[Macular edema after cataract surgery in diabetic patients without retinopathy].Cesk Slov Oftalmol 2007; 63(4):274-84CS
To study the effect of phacoemulsification on the development of macular edema and diabetic retinopathy in diabetic patients without preoperative retinopathy.
PATIENTS AND METHODS
This study comprised 86 patients; 26 diabetics, who had no clinically detectable diabetic retinopathy preoperatively, formed a study group and 60 non-diabetics were included into the control group. Diabetes mellitus duration, preoperative hemoglobin A1c level, and diabetes treatment method were recorded in diabetics. Monocular cataract surgery was performed in all patients. The patients were clinically assessed with OCT examination preoperatively, and postoperatively on day 1, in week 1, and in months 1, 2, 3 and 6 respectively. Foveal, inner macular, outer macular thickness, and macular volume were analyzed.
The increase of the retinal thickness after the cataract surgery reached maximum in both groups in months 1 and 2. Since month 3 on, there was a progressive decrease in abnormal retinal thickness. There was a significant major increase in retinal thickness in diabetics in all examined areas in month 2 (p < 0.05 for fovea and inner macula; p = 0.001 for outer macula and p = 0.005 for macular volume changes). Trend toward major increase in retinal thickness in diabetics was still evident even three months after the surgery. In no case did a diabetic eye develop clinically detectable diabetic retinopathy during the follow-up period. The correlation between hemoglobin A1c level and retinal thickness changes in diabetics was not significant. There was also no significant difference in final visual acuity between diabetics and non-diabetics.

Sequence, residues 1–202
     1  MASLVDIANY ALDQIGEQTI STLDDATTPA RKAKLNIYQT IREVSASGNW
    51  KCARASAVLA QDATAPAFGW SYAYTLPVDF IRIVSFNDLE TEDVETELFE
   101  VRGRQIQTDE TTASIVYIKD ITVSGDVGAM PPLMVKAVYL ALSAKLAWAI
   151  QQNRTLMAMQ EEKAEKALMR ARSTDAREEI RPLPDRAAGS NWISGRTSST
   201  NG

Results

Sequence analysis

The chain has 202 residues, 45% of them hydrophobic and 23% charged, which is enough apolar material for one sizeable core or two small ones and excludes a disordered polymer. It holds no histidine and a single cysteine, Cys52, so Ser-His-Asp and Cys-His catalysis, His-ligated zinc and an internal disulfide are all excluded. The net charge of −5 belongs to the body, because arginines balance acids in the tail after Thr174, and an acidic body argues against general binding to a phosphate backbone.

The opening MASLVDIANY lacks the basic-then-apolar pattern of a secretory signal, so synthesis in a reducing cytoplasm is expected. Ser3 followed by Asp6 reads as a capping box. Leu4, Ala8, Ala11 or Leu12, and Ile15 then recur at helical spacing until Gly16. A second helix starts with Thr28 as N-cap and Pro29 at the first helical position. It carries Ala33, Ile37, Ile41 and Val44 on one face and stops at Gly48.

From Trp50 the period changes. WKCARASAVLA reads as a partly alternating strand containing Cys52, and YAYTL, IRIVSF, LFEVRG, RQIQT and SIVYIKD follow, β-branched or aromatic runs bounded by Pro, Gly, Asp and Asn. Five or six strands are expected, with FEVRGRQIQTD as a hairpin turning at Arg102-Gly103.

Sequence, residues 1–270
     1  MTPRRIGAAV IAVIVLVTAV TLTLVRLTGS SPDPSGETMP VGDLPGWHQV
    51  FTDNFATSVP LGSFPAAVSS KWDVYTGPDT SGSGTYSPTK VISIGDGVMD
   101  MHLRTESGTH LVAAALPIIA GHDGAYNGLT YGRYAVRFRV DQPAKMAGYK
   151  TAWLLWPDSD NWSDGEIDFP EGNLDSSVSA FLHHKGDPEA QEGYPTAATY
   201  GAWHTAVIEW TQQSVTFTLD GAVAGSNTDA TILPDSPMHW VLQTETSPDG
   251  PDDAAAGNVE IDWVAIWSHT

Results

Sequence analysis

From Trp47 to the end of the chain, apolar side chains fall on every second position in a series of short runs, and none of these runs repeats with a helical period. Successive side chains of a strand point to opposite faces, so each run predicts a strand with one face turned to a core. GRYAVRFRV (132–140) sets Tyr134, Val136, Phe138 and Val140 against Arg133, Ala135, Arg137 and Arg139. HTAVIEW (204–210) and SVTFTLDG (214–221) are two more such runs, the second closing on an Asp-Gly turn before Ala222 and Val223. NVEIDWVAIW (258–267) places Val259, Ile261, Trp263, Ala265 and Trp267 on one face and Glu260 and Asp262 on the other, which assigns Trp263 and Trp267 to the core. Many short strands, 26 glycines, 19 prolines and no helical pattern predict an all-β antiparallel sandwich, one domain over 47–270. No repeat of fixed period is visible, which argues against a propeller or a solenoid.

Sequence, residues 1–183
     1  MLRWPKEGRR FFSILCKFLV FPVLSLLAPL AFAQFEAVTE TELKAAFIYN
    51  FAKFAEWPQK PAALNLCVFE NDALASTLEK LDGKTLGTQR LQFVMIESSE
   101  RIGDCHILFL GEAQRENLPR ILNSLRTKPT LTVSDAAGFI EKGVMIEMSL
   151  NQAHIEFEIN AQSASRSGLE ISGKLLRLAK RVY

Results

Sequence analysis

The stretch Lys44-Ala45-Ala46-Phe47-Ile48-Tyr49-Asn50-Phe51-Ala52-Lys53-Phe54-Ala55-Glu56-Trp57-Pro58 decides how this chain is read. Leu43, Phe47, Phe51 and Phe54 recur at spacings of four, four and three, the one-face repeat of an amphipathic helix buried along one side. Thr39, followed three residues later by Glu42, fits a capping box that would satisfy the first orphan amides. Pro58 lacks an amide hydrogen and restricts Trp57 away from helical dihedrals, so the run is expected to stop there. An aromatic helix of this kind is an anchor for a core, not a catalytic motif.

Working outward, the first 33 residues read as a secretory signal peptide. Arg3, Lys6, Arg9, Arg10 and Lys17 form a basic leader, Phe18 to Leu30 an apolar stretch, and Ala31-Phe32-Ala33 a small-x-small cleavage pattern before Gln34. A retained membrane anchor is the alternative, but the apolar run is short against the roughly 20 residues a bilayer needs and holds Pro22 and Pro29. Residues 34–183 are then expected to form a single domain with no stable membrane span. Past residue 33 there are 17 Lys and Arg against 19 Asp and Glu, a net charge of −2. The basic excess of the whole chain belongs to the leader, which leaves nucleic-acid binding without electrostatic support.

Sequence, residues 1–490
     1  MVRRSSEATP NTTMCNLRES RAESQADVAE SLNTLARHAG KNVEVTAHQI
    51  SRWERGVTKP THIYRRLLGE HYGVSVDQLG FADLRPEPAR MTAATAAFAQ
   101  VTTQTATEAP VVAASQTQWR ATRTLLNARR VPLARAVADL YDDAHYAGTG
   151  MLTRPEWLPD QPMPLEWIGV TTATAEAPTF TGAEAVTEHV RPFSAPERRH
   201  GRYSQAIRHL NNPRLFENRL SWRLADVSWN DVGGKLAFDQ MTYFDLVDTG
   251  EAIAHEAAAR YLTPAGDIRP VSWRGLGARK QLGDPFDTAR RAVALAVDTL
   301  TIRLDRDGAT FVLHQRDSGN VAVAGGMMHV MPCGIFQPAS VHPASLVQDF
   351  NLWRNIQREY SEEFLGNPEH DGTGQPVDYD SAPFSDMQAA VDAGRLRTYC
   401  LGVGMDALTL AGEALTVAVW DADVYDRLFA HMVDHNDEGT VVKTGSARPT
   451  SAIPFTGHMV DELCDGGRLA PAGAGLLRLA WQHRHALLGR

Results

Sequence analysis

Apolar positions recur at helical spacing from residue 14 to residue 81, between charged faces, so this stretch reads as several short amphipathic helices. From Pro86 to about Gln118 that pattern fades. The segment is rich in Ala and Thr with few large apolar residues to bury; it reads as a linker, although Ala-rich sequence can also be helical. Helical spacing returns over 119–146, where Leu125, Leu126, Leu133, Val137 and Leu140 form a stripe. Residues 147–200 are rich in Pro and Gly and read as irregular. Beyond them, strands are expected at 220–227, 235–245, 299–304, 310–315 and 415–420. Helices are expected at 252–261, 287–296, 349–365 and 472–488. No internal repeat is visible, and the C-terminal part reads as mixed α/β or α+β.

We can expect similar induced retinal thickness changes in diabetics without retinopathy as in non-diabetics after uneventful cataract surgery, though there was a trend toward major increase in retinal thickness in diabetics.